Religion and Christianity
The theme of religion and Christianity is expressed as a paradox within the publication. Douglas presents religion in two forms of Christianity, which he describes as the real and false versions of Christianity. The form of Christianity practiced by Douglas himself and the few white men that opposed the practice of slavery is what Douglas refers to as the true form of Christianity. He often regarded himself as a spiritual man whose Christianity was grounded in the teachings of Christ. Also, the true form of religion was the one considered as a saving grace. This is by most of the slaves who actively participated in religious activities such as hymns among other worship practices. Douglas refers to this form of Christianity as “the Christianity of Christ”
On the other hand, the Christianity practiced by the white slaveholders was regarded as the false form of Christianity. The text describes this religion to be a perfect hypocrisy that says one thing but end up practicing a completely opposite thing. Douglas goes ahead and proves this form of Christianity as a duplicitous practice, which is merely aimed at satisfying their selfish perversions. Douglas exposes Mr Covey, one of his many masters, as one of the partisans of slaveholders' Christianity. Mr Covey used his pretenses to devoutness as a cover up for his corruption and evil deeds. As such, Douglas referred to this form of Christianity as the “Christianity of this land.”
Douglas demonstrates the duality of Christianity by identifying the distinctions between the peaceful and generous principles of true Christianity. These are contrary to the fierce and immoral deeds of the slaveholders. In addition, Douglas derides the churches' participation in sustaining the systems of slavery. This is demonstrated when he accuses the southern churches of accepting Auld’s money, which is earned through the efforts of slaves. In effect, Douglass juxtaposes these two forms of Christianity as opposing forces that cannot exist at the same time. He suggests that even in the practice of true Christianity, the mere institution of slavery unavoidably corrupts the whole religious system.
The Damaging Effects of Slavery On the Slaveholders and The Society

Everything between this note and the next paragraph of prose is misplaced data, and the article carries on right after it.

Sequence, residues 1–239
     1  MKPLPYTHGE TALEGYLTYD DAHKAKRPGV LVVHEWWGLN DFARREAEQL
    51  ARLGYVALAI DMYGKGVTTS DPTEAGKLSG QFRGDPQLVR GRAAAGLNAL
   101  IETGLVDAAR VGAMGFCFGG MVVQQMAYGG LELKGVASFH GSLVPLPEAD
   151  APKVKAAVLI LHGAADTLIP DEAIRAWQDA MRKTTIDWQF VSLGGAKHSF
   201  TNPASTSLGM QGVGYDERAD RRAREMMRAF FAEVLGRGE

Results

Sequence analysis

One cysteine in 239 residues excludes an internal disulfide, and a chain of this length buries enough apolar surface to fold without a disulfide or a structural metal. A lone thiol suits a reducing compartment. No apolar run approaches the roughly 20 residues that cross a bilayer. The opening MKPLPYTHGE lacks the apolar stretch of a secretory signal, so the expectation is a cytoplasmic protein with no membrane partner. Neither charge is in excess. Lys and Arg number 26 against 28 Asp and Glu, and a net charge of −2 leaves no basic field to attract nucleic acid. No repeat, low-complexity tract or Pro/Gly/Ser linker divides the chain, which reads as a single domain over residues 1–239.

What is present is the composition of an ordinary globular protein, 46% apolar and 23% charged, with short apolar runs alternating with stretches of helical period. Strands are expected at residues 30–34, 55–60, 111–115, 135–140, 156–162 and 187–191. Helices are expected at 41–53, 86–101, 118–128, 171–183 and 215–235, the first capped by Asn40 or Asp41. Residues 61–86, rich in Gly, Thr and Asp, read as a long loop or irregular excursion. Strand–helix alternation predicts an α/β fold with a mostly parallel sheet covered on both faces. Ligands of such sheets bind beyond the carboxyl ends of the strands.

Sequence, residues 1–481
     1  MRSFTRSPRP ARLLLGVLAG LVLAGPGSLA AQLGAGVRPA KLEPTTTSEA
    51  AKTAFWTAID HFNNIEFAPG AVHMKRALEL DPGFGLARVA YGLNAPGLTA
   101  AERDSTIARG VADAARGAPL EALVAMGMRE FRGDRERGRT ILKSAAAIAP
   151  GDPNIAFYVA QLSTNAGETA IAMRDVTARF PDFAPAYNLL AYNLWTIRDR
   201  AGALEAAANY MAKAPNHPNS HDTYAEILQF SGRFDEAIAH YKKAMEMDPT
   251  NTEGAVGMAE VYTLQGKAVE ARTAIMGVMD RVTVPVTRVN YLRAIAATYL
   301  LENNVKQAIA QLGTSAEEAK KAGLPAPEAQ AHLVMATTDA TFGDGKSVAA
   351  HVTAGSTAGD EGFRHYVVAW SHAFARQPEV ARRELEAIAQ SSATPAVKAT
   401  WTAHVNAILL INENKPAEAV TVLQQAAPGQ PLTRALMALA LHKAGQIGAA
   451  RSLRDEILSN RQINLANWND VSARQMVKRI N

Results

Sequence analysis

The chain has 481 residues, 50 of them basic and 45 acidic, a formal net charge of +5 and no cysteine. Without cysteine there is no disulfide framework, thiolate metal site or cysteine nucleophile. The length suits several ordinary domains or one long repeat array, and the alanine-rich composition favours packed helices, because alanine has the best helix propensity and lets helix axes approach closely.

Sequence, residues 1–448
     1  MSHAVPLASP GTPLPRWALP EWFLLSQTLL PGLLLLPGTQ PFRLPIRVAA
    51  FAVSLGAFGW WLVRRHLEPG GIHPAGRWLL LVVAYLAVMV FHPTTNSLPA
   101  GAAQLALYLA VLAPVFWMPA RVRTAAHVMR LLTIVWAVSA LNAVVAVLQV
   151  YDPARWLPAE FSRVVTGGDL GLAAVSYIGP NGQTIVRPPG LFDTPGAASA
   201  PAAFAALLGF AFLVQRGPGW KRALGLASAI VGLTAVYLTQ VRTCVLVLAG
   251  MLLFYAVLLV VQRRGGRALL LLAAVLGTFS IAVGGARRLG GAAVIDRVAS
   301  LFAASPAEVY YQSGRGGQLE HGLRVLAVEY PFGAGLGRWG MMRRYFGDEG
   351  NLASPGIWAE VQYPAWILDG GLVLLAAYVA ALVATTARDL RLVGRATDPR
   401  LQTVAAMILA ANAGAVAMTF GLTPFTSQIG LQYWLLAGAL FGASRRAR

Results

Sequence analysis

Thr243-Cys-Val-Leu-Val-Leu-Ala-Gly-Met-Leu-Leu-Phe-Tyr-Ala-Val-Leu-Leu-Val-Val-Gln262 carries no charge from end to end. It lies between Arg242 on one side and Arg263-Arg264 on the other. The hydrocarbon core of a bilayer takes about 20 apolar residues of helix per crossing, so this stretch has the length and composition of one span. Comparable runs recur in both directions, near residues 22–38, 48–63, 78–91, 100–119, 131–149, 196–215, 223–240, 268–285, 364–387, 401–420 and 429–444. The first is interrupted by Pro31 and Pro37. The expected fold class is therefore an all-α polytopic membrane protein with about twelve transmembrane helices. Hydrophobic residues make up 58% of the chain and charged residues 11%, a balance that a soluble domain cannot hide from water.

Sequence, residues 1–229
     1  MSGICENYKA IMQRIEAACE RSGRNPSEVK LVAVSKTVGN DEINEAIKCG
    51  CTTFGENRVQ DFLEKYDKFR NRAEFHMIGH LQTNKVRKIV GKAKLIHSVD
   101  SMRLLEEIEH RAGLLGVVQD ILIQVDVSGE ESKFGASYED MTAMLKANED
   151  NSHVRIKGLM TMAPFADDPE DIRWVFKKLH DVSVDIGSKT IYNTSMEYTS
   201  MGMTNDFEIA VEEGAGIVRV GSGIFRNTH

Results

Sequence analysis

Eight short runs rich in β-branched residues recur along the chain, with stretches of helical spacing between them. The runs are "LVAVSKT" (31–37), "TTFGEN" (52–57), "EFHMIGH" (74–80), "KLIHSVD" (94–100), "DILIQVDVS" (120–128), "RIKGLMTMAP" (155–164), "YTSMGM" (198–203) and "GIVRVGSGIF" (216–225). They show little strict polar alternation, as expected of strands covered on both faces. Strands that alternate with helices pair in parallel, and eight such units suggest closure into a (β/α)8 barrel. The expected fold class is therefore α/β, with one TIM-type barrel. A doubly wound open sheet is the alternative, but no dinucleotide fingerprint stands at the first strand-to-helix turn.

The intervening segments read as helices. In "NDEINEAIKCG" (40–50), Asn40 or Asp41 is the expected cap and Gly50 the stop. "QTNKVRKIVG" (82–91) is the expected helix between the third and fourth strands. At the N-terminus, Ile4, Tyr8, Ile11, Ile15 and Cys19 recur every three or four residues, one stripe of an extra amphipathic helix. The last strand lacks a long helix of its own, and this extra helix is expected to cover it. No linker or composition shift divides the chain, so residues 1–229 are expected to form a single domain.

Another important theme that Douglas reveals through his publication is the effects of slavery on the slaveholders themselves. He highlights the risk that the slaveholders’ posed to their own moral health. This is given the amount of uncontrolled and immense power that they held over their slaves. Douglas portrays the threat to the family unit that is instigated when the slaveholders committed adultery with their slaves. Fathering a slave’s child often bred an unhealthy relationship with the child as they were also treated as slaves and could either be sold off or served with punishment even from their own fathers.
Perhaps the best illustration of the damaging effects of slavery power was illustrated by Sophia Auld. She is a principled woman who changes for the worse after experiencing the unrestricted power of slaveholding. To make matters worse, religious slaveholders would often vindicate their immoral actions with irrational justifications based on the scriptures. This is because they assumed to have moral endorsements for the atrocities they committed simply because they were religious leaders. For instance, Thomas Auld quoted the passage ʺHe that knoweth his master’s will, and doeth it not, shall be beaten with many stripes.”. He uttered this statement as he was whipping a lame woman whom she had tied up.
In addition, through his experience, Douglas showed that the practice of slavery had corrupted even the religious leaders at the time. He demonstrated how the southerners, who practiced religion with the most zeal, were actually the most heartless towards the slaves. They would often condemn the slaves to punishment even for the slightest desecration of the scriptures, but at the same time rationalizing their own sacrilegious actions. Douglas recalls how a Sabbath school he once attended while at St Michael’s was cruelly disbanded. The school was meant to help the slaves to read the Bible. This action was led by Mr Fairbanks and Mr West, who read the scriptures for the white men. They stated that they did not want the slaves to know how to read.
The theme of fellowship is one of the important themes that run throughout the text. From the beginning, the reader is led to understand just how broken up the family ties were at the time. To Douglas’s consternation, he believes his father could possibly be his white master or another white slaveholder. He only just got to know his own mother whom she never knew. They only met a couple of times before she passed away. He was even prevented from attending her funeral. In addition, Douglass rarely mentions his other relatives such as his grandmother. Through his experience, the reader can understand that at the time, a family is something that Douglas was deprived of due to slavery.